Day in court

By Greg Grisolano, associate editor

What has the Owner-Operator Independent Drivers Association done for truckers? When it comes to fighting for their rights to represent themselves in court against carriers who fail to honor truth-in-leasing agreements, the answer is: plenty.

OOIDA spearheaded efforts to create a private right of action – essentially allowing drivers to have their day in court and seek not only actual damages, but legal bills and attorneys’ fees arising from attempting to bring those actions to trial.

Private right of action came about as a result of drivers not having an effective means of legal recourse to challenge Truth-in-Leasing violations in the 1990s. Back then, under the Interstate Commerce Commission, drivers weren’t even allowed to take a leasing complaint to court. Instead, those complaints had to be filed with the commission, which could take years before it issued a ruling. As OOIDA President and CEO Jim Johnston said in a 2012 editorial in Land Line, "it was a system that allowed carriers to do whatever they wanted to their owner-operators."

"It was take it or leave it," Johnston wrote in the May 2012 issue of Land Line. "And the owner-operator, because he liked to eat, mostly was left with no option but to take it."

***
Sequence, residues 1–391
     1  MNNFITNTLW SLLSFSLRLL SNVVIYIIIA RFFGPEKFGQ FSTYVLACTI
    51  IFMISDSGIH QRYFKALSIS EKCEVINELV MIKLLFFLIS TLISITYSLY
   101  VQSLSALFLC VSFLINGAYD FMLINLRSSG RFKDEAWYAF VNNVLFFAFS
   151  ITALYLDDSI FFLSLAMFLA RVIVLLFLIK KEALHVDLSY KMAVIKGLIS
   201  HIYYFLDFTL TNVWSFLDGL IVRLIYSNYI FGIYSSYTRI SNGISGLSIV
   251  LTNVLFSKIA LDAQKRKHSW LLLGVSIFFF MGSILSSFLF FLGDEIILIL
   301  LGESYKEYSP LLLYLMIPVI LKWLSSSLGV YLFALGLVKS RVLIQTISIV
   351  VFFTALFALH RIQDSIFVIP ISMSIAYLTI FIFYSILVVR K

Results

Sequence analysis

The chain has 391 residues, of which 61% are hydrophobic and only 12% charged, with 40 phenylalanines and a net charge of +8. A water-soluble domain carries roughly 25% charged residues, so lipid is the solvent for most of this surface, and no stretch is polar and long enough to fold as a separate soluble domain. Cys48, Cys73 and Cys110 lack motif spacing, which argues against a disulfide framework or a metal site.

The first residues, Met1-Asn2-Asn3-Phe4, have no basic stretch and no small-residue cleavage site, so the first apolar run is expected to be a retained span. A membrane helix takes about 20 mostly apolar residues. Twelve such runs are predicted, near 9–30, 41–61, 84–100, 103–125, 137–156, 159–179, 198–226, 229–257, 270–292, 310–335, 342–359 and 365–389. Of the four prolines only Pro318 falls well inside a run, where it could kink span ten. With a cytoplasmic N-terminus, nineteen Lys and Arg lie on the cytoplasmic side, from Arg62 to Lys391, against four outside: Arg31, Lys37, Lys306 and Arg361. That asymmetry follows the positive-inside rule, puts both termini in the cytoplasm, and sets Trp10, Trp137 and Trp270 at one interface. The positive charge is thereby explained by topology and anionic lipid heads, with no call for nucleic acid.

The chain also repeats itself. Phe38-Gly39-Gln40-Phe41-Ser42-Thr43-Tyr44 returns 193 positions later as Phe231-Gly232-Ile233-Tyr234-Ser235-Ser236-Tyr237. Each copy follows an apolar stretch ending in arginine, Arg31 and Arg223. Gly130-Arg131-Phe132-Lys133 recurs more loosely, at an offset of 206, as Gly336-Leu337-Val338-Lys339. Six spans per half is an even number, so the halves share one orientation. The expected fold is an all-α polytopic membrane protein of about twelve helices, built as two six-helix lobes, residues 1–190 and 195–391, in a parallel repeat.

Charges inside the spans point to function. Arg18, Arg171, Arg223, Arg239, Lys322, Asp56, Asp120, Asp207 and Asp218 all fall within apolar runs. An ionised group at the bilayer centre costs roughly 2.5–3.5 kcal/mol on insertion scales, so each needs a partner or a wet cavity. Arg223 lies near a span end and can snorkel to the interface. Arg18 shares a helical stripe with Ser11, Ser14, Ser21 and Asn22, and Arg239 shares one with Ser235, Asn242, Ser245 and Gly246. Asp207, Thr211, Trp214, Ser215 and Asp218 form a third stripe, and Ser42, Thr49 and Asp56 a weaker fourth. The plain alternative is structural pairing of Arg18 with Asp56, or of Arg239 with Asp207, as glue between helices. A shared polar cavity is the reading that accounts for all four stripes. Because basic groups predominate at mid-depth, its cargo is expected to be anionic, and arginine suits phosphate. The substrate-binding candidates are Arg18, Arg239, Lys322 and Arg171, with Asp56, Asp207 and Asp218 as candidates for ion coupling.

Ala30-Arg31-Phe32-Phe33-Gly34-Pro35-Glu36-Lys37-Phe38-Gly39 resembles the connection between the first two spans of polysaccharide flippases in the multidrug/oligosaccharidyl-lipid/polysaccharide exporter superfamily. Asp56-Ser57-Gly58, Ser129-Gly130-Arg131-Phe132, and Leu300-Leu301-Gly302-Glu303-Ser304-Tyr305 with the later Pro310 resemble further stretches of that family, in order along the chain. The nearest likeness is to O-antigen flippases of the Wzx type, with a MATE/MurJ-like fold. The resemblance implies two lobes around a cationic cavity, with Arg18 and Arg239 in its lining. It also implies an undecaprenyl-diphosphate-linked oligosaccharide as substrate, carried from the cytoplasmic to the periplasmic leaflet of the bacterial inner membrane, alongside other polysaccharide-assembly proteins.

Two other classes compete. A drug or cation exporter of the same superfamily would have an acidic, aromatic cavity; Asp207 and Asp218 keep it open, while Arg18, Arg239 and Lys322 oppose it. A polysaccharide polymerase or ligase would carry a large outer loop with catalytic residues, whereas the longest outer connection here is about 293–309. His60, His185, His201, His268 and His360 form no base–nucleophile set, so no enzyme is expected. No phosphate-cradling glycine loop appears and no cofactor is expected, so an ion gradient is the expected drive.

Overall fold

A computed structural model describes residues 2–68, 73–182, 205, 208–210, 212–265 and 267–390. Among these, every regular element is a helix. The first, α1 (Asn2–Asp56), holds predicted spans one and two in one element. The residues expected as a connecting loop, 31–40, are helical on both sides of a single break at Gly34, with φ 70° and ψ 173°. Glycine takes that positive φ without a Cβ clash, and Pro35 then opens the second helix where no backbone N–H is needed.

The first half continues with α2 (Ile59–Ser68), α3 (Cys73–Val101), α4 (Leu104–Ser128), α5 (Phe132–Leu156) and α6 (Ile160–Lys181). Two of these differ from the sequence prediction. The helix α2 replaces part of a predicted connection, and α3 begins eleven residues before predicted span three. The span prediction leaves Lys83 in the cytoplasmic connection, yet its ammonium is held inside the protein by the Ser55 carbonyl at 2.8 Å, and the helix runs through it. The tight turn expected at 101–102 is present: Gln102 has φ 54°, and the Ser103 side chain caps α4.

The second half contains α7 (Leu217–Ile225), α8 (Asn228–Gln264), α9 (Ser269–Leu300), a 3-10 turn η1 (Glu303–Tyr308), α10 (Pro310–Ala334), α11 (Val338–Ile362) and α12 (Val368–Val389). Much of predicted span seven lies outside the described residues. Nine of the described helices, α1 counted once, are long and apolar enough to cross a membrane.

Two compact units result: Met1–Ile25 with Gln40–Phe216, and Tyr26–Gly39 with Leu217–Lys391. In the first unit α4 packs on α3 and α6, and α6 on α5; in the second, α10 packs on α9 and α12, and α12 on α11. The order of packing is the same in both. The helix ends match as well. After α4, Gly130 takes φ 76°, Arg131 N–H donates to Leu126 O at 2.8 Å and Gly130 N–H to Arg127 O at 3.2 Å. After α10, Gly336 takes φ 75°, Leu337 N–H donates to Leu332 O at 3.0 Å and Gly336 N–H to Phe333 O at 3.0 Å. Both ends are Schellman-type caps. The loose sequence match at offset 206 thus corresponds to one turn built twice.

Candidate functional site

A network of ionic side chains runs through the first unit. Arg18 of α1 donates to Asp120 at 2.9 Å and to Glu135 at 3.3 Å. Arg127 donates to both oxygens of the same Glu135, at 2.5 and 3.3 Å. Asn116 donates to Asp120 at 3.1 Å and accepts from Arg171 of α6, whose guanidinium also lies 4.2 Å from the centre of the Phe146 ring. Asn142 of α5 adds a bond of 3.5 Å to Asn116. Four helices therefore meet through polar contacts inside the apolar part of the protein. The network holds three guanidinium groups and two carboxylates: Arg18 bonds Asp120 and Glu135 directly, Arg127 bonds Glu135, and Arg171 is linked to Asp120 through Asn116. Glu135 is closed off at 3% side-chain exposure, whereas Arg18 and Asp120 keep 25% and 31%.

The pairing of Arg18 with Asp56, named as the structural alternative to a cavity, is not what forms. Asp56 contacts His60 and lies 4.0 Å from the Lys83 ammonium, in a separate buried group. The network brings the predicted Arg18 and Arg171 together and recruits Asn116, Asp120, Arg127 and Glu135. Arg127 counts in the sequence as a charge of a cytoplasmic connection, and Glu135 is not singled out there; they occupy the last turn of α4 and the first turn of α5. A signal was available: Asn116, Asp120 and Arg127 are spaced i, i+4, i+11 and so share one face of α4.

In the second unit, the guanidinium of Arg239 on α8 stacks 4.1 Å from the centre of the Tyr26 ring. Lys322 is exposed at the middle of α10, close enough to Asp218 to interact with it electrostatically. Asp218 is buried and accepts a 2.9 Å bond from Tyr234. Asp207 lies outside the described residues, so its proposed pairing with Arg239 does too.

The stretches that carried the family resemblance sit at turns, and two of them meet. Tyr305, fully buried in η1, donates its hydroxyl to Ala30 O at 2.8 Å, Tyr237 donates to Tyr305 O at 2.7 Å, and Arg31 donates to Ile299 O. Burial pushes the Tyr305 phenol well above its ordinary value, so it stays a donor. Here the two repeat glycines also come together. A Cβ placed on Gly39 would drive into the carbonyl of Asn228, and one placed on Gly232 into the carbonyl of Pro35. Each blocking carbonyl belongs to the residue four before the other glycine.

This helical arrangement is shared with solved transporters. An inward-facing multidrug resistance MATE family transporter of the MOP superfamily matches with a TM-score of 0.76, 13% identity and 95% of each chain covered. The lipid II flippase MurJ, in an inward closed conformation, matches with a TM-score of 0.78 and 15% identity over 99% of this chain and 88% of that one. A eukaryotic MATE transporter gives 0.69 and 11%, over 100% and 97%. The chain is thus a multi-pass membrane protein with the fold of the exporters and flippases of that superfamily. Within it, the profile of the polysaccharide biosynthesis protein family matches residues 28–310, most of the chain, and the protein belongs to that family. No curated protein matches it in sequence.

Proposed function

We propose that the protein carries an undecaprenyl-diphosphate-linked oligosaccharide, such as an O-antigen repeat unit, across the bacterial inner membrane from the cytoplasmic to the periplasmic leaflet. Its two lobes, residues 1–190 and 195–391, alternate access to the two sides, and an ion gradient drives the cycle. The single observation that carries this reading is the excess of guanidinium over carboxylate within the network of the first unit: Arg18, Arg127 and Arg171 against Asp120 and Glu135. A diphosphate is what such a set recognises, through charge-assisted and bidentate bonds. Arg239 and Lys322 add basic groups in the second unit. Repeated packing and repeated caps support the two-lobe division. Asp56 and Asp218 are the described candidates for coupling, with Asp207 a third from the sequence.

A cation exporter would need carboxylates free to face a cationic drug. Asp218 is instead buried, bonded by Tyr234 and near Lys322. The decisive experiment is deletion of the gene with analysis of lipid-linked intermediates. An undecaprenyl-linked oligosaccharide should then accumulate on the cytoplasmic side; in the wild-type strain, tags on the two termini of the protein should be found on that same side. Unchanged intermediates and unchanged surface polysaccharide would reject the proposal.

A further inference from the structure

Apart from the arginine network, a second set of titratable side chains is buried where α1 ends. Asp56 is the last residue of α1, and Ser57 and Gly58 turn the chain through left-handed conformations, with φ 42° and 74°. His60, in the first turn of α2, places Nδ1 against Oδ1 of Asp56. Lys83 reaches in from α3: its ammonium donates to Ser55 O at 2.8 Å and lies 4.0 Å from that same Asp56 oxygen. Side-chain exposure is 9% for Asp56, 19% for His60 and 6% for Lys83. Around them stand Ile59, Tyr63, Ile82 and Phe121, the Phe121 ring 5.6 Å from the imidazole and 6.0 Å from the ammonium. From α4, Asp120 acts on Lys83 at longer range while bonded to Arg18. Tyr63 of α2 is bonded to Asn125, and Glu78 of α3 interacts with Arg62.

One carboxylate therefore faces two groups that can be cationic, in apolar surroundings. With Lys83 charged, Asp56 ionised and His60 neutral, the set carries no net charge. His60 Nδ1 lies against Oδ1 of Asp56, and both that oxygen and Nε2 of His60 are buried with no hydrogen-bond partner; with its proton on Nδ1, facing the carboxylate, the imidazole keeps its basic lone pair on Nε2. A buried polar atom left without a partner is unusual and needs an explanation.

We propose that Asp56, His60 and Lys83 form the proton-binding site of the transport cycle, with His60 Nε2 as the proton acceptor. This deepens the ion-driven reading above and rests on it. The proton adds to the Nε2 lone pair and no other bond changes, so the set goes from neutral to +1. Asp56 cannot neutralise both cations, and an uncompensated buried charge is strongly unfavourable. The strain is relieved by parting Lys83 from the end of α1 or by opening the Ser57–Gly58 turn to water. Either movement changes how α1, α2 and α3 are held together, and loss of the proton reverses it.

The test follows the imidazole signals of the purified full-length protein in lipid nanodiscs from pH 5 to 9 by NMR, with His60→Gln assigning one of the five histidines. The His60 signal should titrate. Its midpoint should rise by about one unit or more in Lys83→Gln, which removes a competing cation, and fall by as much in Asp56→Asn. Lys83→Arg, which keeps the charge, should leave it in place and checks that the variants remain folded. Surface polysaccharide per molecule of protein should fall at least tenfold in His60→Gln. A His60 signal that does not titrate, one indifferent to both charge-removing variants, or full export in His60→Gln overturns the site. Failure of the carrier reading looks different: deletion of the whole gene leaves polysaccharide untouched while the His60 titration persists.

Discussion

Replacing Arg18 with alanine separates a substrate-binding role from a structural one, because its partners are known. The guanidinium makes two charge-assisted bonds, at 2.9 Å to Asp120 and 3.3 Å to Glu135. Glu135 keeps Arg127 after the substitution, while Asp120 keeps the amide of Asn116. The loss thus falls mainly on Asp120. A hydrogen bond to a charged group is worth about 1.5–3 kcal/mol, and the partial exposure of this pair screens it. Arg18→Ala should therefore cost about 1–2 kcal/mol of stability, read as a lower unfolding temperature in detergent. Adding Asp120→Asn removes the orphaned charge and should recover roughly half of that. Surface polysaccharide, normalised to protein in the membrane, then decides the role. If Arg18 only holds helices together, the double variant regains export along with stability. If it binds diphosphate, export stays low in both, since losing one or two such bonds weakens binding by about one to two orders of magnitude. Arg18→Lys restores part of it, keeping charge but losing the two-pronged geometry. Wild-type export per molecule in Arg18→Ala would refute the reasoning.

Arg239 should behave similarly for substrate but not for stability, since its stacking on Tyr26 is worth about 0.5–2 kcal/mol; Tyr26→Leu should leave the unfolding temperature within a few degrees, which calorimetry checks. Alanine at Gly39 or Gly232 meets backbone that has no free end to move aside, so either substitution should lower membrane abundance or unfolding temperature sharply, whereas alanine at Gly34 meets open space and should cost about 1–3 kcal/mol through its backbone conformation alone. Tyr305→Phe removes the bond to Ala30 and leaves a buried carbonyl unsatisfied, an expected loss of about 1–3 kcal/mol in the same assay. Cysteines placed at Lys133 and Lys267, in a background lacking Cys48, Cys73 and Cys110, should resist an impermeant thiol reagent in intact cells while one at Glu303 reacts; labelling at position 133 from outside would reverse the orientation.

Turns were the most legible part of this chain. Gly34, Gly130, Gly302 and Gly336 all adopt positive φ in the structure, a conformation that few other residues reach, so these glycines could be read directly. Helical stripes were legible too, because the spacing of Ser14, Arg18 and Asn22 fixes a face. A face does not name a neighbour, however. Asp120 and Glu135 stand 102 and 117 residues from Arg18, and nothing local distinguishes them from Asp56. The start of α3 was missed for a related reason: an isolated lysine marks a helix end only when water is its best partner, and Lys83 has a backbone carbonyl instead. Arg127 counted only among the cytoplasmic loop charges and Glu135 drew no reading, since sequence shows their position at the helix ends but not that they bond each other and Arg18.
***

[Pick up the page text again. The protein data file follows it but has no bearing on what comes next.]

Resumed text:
When the ICC was abolished in 1995, Johnston said the Association knew it had to act quickly to establish some form of recourse and protection for owner-operators. OOIDA lobbied successfully to implement a private right of action provision, which was included in the ICC sunset legislation.

The reason truckers needed their own recourse to settle disputes was simple. Enforcement of the leasing regs was transferred to the Department of Transportation, which, as Johnston said, had neither the budget nor the inclination to enforce economic regulations.

"The leasing rules were put in place to level the playing field between one-man-one-truck operations and multimillion-dollar corporations," Johnston said in a 2005 editorial in Land Line. "They require full disclosure and basically say, ‘thou shall not steal.’ Unfortunately, we have to go to the court to enforce those rules against far too many companies."

Once the private right of action was established, OOIDA wasted no time in putting it to use, filing lawsuits against New Prime and Arctic Air Express on behalf of drivers who said they were getting the short end of a leasing arrangement.

From there, the Association has spent millions of dollars to establish this case law, and OOIDA Truth-in-Leasing lawsuits continue to establish a lasting legacy for owner-operators. More than two dozen cases have been filed by OOIDA on behalf of its members, establishing a bedrock foundation of case law for other truckers to not only try, but also win cases at trial.

Standing on past victories

The branches of that tree of case law continue to bear fruit in dozens of cases in courthouses all over the nation. Whenever drivers file suit against companies that fail to pay them a fair wage, they have a bevy of cases fought and won by OOIDA to stand on.